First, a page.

#3: Ecommerce is maturing
The pandemic drove many customers online. This led to some really good quarters for many ecommerce brands. However, the 800lb gorilla (Amazon) has also benefited and is gobbling down bigger pieces of the entire ecommerce pie. That’s because 63% of product searches on the web start on Amazon. So if you’re not selling your product on their marketplace, you’re likely missing out on a big chunk of sales. But even if you did, in order to get visibility you’d still need to run ads on their network. It’s one of Amazon’s biggest growth engines standing at $6.9bn revenue a year (a 77% increase on the year prior). So you’ll still have to pay to play and will need a decent chunk of cash to test your keywords and messaging.
Additionally, in many product categories, the easy ecommerce gains versus bricks and mortar commerce have already been made. Online sales of consumer electronics, Toys, Books, Games and Music are all at around 50% or more of total retail sales in the US. It’s going to be much harder to gain more market share in those categories. There are some categories like cars and car parts that have very low ecommerce penetration. But cars are not easily shipped.
So where is the opportunity for today’s newly founded startups?
Community: The next frontier of startup growth
Businesses have historically had one-way communication with their customers and prospects. Outside of word of mouth, customers rarely were able to talk to each other about their experiences (unless you were a big brand). Even in the age of the internet, very few companies have realised the benefits created when their customers talk to prospects. Not only does it provide social proof, but your happy customers are also often your best salespeople.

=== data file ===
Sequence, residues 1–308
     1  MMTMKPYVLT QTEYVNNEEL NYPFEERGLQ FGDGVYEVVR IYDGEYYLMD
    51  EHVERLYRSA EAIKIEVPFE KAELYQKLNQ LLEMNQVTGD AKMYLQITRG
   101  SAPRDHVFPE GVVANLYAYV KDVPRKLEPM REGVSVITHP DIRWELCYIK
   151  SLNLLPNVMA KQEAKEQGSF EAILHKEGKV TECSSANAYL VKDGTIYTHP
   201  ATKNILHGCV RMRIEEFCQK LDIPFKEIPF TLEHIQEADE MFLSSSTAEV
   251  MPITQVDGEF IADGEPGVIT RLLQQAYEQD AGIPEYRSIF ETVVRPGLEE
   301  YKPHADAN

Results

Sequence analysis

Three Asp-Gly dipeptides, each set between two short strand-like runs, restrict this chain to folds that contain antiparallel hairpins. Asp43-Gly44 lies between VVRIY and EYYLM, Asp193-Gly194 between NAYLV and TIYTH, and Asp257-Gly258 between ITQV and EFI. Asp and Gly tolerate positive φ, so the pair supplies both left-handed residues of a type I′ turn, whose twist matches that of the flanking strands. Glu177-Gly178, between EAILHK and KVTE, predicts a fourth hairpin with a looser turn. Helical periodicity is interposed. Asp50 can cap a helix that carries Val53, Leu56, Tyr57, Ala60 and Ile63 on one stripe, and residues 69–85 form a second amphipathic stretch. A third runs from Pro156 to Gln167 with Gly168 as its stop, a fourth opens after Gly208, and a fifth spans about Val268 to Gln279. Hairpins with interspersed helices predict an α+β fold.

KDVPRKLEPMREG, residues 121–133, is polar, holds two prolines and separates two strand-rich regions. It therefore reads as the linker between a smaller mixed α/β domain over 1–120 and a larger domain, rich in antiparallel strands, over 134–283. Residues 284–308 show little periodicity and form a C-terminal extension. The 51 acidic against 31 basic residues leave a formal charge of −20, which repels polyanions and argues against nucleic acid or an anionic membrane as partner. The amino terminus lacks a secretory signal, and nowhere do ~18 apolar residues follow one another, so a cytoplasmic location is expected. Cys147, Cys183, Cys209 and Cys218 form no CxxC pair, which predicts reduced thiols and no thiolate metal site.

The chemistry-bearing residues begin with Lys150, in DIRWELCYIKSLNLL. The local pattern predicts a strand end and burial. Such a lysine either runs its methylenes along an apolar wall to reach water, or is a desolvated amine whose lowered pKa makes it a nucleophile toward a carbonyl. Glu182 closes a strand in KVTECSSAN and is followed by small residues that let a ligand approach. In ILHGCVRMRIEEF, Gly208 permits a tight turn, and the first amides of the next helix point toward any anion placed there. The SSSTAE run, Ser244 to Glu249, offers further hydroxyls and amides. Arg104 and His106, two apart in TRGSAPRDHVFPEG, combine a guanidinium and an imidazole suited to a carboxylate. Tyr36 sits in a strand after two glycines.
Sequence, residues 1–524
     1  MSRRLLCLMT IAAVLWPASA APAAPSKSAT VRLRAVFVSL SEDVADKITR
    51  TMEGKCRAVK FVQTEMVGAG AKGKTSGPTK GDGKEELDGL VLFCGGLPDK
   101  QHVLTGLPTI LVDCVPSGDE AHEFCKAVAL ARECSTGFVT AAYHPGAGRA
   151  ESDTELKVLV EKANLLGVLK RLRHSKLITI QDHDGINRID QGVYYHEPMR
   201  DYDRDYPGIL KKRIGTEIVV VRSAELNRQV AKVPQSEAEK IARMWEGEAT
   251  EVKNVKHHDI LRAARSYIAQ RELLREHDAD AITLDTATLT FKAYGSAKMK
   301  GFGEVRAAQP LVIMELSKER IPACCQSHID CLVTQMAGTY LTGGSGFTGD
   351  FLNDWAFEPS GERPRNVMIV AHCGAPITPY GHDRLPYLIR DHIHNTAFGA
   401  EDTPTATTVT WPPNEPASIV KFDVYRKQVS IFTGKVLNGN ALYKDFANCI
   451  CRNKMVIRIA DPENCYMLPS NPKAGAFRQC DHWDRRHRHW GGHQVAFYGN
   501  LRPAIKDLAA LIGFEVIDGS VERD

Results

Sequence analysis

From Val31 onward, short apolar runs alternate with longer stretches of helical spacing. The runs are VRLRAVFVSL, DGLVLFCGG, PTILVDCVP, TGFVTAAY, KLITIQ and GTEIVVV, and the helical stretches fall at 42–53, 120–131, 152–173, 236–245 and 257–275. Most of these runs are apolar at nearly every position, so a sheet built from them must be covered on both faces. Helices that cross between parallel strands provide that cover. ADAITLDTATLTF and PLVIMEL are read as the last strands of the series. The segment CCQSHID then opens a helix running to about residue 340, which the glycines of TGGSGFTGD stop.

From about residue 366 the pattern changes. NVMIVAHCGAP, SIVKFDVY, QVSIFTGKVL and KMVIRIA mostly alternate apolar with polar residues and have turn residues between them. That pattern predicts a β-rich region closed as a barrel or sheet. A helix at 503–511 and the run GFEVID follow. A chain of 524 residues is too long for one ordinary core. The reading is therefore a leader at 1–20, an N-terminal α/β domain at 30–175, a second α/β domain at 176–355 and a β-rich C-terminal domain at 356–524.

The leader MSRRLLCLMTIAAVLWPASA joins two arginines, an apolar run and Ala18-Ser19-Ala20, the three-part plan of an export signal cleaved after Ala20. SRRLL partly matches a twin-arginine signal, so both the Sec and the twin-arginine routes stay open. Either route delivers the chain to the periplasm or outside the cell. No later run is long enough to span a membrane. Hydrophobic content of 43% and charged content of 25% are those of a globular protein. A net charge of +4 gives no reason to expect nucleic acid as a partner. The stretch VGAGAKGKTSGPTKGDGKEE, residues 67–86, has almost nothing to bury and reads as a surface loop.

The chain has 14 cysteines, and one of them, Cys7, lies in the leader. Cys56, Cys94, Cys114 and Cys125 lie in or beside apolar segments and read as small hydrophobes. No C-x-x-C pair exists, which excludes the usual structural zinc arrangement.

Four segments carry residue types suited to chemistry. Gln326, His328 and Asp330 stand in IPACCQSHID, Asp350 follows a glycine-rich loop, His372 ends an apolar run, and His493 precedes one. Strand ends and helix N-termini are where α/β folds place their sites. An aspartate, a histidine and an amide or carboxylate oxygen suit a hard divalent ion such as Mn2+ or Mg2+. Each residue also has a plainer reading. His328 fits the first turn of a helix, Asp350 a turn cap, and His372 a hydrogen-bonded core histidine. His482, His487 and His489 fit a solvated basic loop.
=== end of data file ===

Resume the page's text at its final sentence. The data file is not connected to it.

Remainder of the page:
Let’s look at a few examples:
You Need A Budget (YNAB)
YNAB is a budgeting app that has a few simple rules to it but it helps people who struggle to budget do so effectively. The product is good and the effects it has on its users are transformational to them. There is a 122,000 strong community on Reddit (a community of different communities one might say) that is fanatical about YNAB.
The YNAB subreddit started growing significantly in 2014. Source: Subreddit Stats
The YNAB Reddit community is not controlled by the company. Yet it serves as an acquisition channel, customer support channel and an way to onboard new customers. Customers turn into Reddit ambassadors for YNAB and help users get the most out of it. It’s a virtuous cycle that also serves as a point of differentiation versus the multitude of other budgeting apps out there.
Customer onboarding happening on Reddit